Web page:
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Related to cicatrix: keloid


 (sĭk′ə-trĭks′, sĭ-kā′trĭks)
n. pl. cic·a·tri·ces (sĭk′ə-trī′sēz, sĭ-kā′trĭ-sēz′)
A scar left by the formation of new connective tissue over a healing sore or wound.

[Middle English cicatrice, from Latin cicātrīx, cicātrīc-.]

cic′a·tri′cial (sĭk′ə-trĭsh′əl), ci·cat′ri·cose′ (sĭ-kăt′rĭ-kōs′) adj.


n, pl cicatrices (ˌsɪkəˈtraɪsiːz)
1. (Pathology) the tissue that forms in a wound during healing; scar
2. (Botany) a scar on a plant indicating the former point of attachment of a part, esp a leaf
[C17: from Latin: scar, of obscure origin]
cicatricial adj
cicatricose adj


(ˈsɪk ə trɪks, sɪˈkeɪ trɪks)

also cic•a•trice

(ˈsɪk ə trɪs)

n., pl. cic•a•tri•ces (ˌsɪk əˈtraɪ siz)
1. new tissue that forms over a wound and later contracts into a scar.
2. a scar left by a fallen leaf, seed, etc.
[1350–1400; Middle English < Latin: scar]
cic`a•tri′cial (-ˈtrɪʃ əl) adj.
ThesaurusAntonymsRelated WordsSynonymsLegend:
Noun1.cicatrix - a mark left (usually on the skin) by the healing of injured tissuecicatrix - a mark left (usually on the skin) by the healing of injured tissue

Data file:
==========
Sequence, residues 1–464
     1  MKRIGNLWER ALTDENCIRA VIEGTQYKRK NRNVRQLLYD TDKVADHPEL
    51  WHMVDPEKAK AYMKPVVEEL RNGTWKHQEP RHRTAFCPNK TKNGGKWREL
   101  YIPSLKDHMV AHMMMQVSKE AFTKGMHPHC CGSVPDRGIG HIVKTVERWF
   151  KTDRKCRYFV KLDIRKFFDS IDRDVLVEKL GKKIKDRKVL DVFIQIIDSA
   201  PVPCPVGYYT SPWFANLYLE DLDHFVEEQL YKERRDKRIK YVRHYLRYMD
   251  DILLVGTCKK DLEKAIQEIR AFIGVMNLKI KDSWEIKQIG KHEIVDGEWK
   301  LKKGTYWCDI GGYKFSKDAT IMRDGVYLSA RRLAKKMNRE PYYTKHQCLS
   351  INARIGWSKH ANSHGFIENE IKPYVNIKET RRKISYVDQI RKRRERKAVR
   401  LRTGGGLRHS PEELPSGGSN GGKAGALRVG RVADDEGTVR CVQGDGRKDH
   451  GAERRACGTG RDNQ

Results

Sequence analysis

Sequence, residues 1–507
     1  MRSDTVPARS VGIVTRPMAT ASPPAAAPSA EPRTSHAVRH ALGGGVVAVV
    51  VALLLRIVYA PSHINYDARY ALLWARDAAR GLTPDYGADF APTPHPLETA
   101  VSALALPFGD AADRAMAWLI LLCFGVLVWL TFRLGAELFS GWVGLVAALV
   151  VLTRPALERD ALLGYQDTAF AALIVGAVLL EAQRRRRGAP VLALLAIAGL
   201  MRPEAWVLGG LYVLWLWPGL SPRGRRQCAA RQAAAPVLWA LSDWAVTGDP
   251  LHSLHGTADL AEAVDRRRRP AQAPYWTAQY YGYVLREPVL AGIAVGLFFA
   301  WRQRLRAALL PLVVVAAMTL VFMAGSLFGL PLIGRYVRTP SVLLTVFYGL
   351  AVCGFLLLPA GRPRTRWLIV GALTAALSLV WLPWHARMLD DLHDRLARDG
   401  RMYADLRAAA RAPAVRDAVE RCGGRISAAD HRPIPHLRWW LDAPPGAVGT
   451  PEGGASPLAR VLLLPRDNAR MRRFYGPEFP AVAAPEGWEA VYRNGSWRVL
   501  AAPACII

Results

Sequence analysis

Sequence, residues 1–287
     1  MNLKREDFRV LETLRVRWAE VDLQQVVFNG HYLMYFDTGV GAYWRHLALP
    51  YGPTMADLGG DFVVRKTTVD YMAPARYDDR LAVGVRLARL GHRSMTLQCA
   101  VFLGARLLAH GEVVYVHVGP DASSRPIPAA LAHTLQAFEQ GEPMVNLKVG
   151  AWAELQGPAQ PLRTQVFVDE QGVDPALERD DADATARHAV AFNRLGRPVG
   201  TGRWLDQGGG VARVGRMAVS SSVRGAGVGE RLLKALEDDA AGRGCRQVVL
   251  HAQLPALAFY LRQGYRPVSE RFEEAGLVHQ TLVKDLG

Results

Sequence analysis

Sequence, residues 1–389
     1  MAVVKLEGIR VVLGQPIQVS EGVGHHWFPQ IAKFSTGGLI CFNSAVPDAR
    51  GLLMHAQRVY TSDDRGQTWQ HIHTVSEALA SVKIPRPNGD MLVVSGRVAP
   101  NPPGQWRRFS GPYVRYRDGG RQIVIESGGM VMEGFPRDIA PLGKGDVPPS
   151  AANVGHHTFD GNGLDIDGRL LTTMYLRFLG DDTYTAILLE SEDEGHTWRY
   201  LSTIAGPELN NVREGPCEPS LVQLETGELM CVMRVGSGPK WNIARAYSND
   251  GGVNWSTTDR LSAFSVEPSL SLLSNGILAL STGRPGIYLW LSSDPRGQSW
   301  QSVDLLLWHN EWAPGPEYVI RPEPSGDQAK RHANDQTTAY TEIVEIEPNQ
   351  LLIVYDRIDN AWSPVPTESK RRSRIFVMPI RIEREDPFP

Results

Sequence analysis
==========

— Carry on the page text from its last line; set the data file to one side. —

symptom - (medicine) any sensation or change in bodily function that is experienced by a patient and is associated with a particular disease
callus - bony tissue formed during the healing of a fractured bone
cheloid, keloid - raised pinkish scar tissue at the site of an injury; results from excessive tissue repair
pockmark - a scar or pit on the skin that is left by a pustule of smallpox or acne or other eruptive disease
sword-cut - a scar from a cut made by a sword
vaccination - the scar left following inoculation with a vaccine


n pl <cicatrices> → wildes Fleisch, Granulationsgewebe nt (spec); (= scar)Narbe f


n. L. cicatriz.
References in classic literature ?
I thought that the Sorbonne professor would express his anger openly, but, on the contrary, by a visibly violent effort, he calmed himself, took off his gloves, and showed his hands; they were unmarked by any cicatrix.
The scar itself is intimately connected with Celanire's identity, and the folded layers of cicatrix exert the attractive and repulsive powers of the female sexual organ.
These procedures included serial excisions of the mass in order to reduce the likelihood of subsequent cicatrix.
They include vocal fold webs, (10) laryngeal and tracheal cicatrix, glottic, (13) and papilloma implantation elsewhere in the upper aerodigestive tract.